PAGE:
This blog post could alternately be titled: Why I Don’t Write Every Day. I know, I know. Writers are supposed to write every day. Most books on writing, writing teachers and even other writers will tell you to write every day. Write when you don’t feel like it. Especially when you don’t feel like it. Pick a time, preferably the same time every day (to train your muse as to when to show up), and just do it. Well, I’ve tried, and dammit, I give up. I’m tired of trying, and failing, to find enough time in the day. I’m embracing my inner lazy person and letting it go. I’m officially letting myself off the hook. No guilt.
What prompted this revamping of my schedule is a post on Facebook. (Facebook is a major time-waster that should probably be re-prioritized by many of you, myself included, though it did inspire this blog.) Anyway, here’s the post.
1. Make a list of the things that make you happy.
2. Make a list of things you do every day.
3. Compare the lists.
4. Adjust accordingly.
Brilliant. And so simple. I’m sure my cousin, who originally shared this basic wisdom, will be pleased to know I’ve taken it to heart.
So, what makes me happy these days? Taking care of myself. Being and staying healthy. As a result, I’ve decided my time at the gym or time doing yoga is time well spent. I also really enjoy walking Frankie. Which is fortunate because he really needs to be walked once, sometimes twice daily. It’s usually an hour long affair with several stops in the shade where I can listen to the birds and think of nothing while he pees and then kicks, pees and kicks, pees and kicks in the grass to his heart’s content. See, it makes him happy too. So, it’s a win-win. And lastly, I love being involved in a good book. So, reading makes my list. Oh! And I almost forgot – Mom! (How could I forget with the coming Mother’s Day weekend?) We really do have fun together when she’s not driving me crazy. (Sorry, I know that’s kind of a back-handed compliment.) So, there’s my happy list. Taking care of my health. Walking Frankie. Reading. Spending time with Mom.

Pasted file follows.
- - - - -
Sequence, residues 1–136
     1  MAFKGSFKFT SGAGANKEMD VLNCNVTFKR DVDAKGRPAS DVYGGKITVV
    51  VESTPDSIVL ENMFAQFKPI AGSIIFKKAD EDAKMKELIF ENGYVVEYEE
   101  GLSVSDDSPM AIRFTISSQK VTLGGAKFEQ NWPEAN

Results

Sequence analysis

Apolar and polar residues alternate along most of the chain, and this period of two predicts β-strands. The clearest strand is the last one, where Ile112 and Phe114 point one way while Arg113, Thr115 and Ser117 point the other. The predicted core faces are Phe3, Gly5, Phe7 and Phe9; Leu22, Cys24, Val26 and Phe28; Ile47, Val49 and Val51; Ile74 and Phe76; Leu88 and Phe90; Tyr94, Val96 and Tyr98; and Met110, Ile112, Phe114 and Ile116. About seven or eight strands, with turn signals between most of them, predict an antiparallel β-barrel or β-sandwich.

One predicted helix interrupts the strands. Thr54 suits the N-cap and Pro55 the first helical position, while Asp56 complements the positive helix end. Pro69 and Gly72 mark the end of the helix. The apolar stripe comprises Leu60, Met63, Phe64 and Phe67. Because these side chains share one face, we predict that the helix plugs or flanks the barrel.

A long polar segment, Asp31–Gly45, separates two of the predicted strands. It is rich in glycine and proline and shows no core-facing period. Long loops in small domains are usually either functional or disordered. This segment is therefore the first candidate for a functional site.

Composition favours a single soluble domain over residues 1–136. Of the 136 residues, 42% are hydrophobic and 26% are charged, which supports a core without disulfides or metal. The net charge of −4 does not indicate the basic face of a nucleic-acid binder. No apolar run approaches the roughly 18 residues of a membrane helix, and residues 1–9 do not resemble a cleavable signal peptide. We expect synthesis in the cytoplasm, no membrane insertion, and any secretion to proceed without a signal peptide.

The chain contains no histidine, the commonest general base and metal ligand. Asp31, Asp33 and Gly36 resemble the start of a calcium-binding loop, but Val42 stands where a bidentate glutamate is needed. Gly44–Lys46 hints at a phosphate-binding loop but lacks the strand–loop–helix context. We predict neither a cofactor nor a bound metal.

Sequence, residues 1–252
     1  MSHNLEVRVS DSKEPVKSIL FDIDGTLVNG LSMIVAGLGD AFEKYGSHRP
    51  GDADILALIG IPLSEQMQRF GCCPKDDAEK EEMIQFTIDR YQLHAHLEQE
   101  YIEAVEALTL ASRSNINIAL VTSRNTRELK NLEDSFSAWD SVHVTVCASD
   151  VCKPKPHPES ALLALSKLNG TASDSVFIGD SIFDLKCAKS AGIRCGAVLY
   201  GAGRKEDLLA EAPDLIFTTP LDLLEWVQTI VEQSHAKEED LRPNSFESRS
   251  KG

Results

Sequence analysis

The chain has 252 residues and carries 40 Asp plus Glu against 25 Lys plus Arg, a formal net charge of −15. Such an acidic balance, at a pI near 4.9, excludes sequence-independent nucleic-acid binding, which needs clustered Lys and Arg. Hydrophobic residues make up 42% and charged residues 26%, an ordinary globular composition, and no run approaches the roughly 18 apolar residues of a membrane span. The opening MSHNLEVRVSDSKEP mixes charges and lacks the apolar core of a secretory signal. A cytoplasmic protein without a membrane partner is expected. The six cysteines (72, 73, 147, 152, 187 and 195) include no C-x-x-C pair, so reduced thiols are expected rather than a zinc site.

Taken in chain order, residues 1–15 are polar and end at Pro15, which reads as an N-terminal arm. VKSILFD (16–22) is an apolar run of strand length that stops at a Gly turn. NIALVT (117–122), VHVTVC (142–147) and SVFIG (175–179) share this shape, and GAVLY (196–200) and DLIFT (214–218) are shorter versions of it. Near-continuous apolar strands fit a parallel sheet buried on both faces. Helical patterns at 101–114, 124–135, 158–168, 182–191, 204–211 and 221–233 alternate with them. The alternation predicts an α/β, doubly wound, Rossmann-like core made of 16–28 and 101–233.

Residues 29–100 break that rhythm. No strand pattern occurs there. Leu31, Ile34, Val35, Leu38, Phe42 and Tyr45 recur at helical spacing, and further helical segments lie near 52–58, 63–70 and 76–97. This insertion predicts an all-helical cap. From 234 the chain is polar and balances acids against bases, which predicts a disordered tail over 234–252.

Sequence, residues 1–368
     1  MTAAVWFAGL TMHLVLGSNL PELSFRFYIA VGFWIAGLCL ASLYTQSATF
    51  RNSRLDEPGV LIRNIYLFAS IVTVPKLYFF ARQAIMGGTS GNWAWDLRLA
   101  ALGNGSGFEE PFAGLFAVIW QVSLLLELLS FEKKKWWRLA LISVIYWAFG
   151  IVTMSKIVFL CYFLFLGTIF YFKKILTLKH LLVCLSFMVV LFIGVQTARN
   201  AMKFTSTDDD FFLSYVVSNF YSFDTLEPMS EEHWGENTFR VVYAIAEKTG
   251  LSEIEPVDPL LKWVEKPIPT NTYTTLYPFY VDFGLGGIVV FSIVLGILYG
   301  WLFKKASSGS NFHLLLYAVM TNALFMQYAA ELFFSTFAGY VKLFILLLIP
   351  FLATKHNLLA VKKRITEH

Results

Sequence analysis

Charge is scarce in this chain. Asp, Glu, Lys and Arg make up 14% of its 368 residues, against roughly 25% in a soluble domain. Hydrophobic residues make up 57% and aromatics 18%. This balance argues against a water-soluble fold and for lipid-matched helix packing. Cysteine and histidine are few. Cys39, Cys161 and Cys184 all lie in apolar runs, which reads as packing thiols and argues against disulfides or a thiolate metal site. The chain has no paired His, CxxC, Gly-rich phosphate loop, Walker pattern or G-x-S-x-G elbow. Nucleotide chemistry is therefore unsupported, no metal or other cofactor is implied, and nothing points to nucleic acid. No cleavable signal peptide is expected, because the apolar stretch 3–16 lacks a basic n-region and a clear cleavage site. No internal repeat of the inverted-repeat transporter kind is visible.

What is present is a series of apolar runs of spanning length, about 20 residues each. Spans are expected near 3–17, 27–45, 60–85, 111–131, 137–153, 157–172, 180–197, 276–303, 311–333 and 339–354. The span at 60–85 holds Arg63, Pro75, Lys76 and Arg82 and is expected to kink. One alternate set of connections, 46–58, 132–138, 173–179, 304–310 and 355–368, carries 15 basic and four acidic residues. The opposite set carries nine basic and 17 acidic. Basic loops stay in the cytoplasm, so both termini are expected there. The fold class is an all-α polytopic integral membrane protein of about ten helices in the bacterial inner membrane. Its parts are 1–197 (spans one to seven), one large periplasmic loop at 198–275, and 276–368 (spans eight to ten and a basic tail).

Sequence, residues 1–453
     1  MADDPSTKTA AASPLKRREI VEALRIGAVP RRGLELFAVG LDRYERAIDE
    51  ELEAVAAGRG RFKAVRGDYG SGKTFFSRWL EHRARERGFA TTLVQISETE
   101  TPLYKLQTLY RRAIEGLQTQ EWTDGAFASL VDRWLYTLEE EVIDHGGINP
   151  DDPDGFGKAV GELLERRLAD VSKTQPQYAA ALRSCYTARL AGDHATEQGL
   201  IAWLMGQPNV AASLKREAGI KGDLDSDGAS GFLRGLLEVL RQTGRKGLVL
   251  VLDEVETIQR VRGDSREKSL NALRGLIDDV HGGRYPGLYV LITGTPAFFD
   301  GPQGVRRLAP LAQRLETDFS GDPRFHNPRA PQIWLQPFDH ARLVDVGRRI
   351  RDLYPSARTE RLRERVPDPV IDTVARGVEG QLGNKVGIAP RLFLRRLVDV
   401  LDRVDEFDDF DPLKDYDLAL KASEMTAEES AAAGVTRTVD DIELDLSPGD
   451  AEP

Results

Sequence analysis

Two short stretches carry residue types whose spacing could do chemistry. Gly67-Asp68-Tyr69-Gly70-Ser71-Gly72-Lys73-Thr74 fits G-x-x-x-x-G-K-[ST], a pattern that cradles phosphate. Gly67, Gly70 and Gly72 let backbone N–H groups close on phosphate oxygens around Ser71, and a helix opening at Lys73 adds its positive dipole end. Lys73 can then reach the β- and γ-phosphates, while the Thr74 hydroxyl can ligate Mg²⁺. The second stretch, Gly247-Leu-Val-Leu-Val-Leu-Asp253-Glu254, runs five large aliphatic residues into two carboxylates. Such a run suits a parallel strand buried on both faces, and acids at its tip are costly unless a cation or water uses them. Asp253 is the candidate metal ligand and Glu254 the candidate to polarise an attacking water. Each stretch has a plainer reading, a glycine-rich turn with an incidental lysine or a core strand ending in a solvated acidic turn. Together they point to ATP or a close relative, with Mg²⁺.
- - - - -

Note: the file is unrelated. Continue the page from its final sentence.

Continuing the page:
And I’ve been making adjustments, or re-prioritizing, based on my list. Like last week, I dropped everything to sit on my deck and enjoy the beautiful weather we’ve been having in Jacksonville while reading a book. Or before that, I left dirty dishes in the sink and, still in my pajamas well after noon, went out back to sit by the pool with Mom. The choices are easier. Dirty dishes? Getting showered and dressed? Hey, not on the list.
You’ll notice writing didn’t make the list. Not that it doesn’t make me happy … Well, wait. Who am I kidding? Show me the writer who joyfully sits down to write every day and I’ll show you a writer with an open bottle of scotch on the ready and a drinking problem. For most of us, it’s torture. The idea of being a writer makes me happy. The idea of writing every day? Not so much. There’s a difference.
I’ve decided to look at it like author Patricia Cornwell, who advised, “Treat your writing like a relationship, and not a job.” I’ve been doing it all wrong. I’ve been punching a clock. And, hey, if that works for you and makes you happy – then punch away. There just aren’t enough hours in my day. If I view it as a relationship, it becomes less like work and more about maintaining that connection. I’ll always come back to it. I’d miss it.
I’ll even take it one step further. My writing is like a marriage. I’m ready to make that serious commitment. To vow that writing will always be a part of my life. Just not my daily life. It’s like my husband lives out of state. Or we have separate houses. But we talk often.